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How To Become A History Instructor

Educational requirements vary with the subject taught and the type of educational institution. Most commonly, postsecondary teachers must have a Ph.D. However, a master's degree may be enough for some postsecondary teachers at community colleges. In career and technical schools, work experience may be important for getting a postsecondary teaching job.

Education

Postsecondary teachers who work for 4-year colleges and universities typically need a doctoral degree in their field. Some schools may hire those with a master’s degree or those who are doctoral degree candidates for some specialties, such as fine arts, or for some part-time positions.

Doctoral programs generally take multiple years after the completion of a bachelor’s degree program. They spend time completing a master’s degree and then writing a doctoral dissertation, which is a paper presenting original research in the student’s field of study. Candidates usually specialize in a subfield, such as organic chemistry or European history.

Community colleges or career and technical schools also may hire those with a master’s degree. However, in some fields, there are more applicants than available positions. In these situations, institutions can be more selective, and they frequently choose applicants who have a Ph.D. over those with a master’s degree.

Postsecondary teachers who teach career and technical education courses, such as culinary arts or cosmetology, may not be required to have graduate-level education. At a minimum they must hold the degree of the program in which they are teaching. For example, the teacher must hold an associate’s degree if they teach a program that is at the associate’s degree level. In addition, work experience or certification may be just as important as education for getting a postsecondary teaching job at a career or technical school.

Other Experience

Some institutions may prefer to hire those with teaching or other work experience, but this is not a requirement for all fields or for all employers.

In health specialties, art, or education fields, hands-on work experience in the industry can be important. Postsecondary teachers in these fields often gain experience by working in an occupation related to their field of expertise.

In fields such as biological science, physics, and chemistry, some postsecondary teachers have postdoctoral research experience. These short-term jobs, sometimes called “post-docs,” usually involve working for 2 to 3 years as a research associate or in a similar position, often at a college or university.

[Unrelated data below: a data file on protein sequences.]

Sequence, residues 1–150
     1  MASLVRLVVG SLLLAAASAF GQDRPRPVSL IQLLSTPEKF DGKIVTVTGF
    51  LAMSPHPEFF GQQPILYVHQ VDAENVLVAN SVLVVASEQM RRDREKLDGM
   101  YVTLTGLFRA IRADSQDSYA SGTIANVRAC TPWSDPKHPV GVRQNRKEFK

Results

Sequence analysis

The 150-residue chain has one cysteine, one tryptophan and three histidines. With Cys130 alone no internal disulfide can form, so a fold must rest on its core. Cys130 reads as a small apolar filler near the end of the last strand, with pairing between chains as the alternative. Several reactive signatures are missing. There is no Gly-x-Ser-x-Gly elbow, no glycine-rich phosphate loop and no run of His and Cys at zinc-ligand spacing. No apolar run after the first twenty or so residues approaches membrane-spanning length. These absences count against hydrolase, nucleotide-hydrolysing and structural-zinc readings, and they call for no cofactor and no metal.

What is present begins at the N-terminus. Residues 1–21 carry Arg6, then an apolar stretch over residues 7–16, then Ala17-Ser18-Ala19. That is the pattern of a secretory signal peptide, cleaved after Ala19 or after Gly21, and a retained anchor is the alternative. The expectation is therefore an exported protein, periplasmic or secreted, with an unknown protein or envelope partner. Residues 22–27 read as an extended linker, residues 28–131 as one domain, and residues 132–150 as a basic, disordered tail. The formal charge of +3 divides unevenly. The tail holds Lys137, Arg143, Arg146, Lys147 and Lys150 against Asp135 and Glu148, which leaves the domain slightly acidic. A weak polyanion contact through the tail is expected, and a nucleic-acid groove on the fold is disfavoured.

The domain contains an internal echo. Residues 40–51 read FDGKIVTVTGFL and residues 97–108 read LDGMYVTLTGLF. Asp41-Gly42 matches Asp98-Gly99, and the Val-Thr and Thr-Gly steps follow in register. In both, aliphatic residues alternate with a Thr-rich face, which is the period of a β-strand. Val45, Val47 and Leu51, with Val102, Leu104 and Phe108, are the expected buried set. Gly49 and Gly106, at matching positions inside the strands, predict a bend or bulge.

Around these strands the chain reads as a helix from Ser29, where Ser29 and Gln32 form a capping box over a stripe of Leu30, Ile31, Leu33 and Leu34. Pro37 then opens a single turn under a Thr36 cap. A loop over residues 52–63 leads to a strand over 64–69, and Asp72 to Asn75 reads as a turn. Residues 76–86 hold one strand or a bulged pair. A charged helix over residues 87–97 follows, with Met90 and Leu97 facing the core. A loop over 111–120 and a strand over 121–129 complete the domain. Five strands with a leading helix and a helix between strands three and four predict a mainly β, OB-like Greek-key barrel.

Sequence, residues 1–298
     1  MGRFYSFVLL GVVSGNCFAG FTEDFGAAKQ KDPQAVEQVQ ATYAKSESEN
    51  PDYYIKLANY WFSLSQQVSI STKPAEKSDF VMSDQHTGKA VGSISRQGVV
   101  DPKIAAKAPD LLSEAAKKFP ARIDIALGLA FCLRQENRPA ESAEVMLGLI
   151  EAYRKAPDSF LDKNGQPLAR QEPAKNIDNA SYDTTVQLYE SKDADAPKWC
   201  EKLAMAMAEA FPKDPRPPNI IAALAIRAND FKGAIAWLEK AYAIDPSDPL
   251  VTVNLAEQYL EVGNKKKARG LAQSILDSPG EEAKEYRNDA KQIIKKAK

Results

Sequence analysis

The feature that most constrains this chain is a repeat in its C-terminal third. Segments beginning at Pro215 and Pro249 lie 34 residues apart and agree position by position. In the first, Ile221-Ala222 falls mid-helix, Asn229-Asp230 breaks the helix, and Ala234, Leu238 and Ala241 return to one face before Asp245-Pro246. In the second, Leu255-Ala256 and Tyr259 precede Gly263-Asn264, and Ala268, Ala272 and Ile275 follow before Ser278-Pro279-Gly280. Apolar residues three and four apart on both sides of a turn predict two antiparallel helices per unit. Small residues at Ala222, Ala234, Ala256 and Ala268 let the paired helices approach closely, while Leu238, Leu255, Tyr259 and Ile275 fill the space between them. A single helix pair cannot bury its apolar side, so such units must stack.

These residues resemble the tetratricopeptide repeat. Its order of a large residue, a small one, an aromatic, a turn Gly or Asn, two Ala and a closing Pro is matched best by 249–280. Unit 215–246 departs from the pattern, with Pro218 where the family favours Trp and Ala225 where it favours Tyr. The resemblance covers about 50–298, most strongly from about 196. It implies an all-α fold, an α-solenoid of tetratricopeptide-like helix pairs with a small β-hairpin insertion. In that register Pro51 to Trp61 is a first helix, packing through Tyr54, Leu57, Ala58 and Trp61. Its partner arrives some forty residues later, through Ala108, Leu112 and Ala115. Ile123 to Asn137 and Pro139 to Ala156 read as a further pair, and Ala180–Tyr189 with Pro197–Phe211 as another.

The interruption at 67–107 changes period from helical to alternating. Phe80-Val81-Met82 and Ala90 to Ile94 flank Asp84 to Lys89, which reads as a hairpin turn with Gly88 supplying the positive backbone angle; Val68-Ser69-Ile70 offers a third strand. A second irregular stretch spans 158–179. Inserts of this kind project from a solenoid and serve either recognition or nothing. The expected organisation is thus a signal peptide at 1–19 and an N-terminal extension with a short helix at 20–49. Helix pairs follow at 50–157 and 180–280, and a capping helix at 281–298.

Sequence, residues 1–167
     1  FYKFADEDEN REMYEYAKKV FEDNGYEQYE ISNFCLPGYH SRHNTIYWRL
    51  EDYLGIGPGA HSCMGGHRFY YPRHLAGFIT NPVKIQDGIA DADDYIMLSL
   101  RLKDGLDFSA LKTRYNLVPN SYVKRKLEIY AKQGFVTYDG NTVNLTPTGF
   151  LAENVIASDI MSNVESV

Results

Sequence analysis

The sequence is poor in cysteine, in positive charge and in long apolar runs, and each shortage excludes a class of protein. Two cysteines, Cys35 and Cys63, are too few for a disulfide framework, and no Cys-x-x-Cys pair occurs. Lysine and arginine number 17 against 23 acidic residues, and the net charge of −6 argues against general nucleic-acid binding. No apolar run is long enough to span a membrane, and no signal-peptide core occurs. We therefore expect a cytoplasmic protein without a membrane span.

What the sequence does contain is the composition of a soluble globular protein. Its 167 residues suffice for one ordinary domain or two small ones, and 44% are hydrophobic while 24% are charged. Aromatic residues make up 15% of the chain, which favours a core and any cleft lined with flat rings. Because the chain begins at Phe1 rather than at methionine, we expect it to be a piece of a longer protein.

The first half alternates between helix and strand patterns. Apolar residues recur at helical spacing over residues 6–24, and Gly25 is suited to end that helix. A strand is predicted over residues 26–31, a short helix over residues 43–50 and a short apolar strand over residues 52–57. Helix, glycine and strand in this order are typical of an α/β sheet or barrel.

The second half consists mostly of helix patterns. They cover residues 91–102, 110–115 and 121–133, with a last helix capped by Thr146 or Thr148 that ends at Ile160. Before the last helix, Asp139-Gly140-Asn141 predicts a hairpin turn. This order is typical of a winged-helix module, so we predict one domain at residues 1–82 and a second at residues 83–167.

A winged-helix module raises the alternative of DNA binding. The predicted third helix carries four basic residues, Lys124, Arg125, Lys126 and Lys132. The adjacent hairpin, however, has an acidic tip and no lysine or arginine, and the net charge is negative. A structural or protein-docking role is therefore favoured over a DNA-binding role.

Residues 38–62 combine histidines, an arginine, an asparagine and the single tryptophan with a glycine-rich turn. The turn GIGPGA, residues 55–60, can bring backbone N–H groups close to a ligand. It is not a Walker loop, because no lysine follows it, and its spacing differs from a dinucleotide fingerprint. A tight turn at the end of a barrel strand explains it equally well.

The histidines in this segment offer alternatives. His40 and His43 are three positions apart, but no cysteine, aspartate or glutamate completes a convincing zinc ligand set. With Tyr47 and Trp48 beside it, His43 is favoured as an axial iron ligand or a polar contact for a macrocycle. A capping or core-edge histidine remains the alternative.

Some postsecondary teachers gain teaching experience by working as graduate teaching assistants—students who are enrolled in a graduate program and teach classes in the institution in which they are enrolled.

Some postsecondary teachers, especially adjunct professors, have another job in addition to teaching.

Licenses, Certifications, and Registrations

Postsecondary teachers who prepare students for an occupation that requires a license, certification, or registration, may need to have—or they may benefit from having—the same credential. For example, a postsecondary nursing teacher might need a nursing license or a postsecondary education teacher might need a teaching license.

Advancement

A major goal for postsecondary teachers with a doctoral degree is attaining a tenure—a guarantee that a professor cannot be fired without just cause. It can take up to 7 years of moving up the ranks in tenure-track positions. The ranks are assistant professor, associate professor, and professor. Tenure is granted through a review of the candidate’s research, contribution to the institution, and teaching.

Tenure and tenure track positions are declining as institutions are relying more heavily on part-time faculty.

Some tenured professors advance to administrative positions, such as dean or president. For information on deans and other administrative positions, see the profile on postsecondary education administrators. For more information about college and university presidents, see the profile on top executives.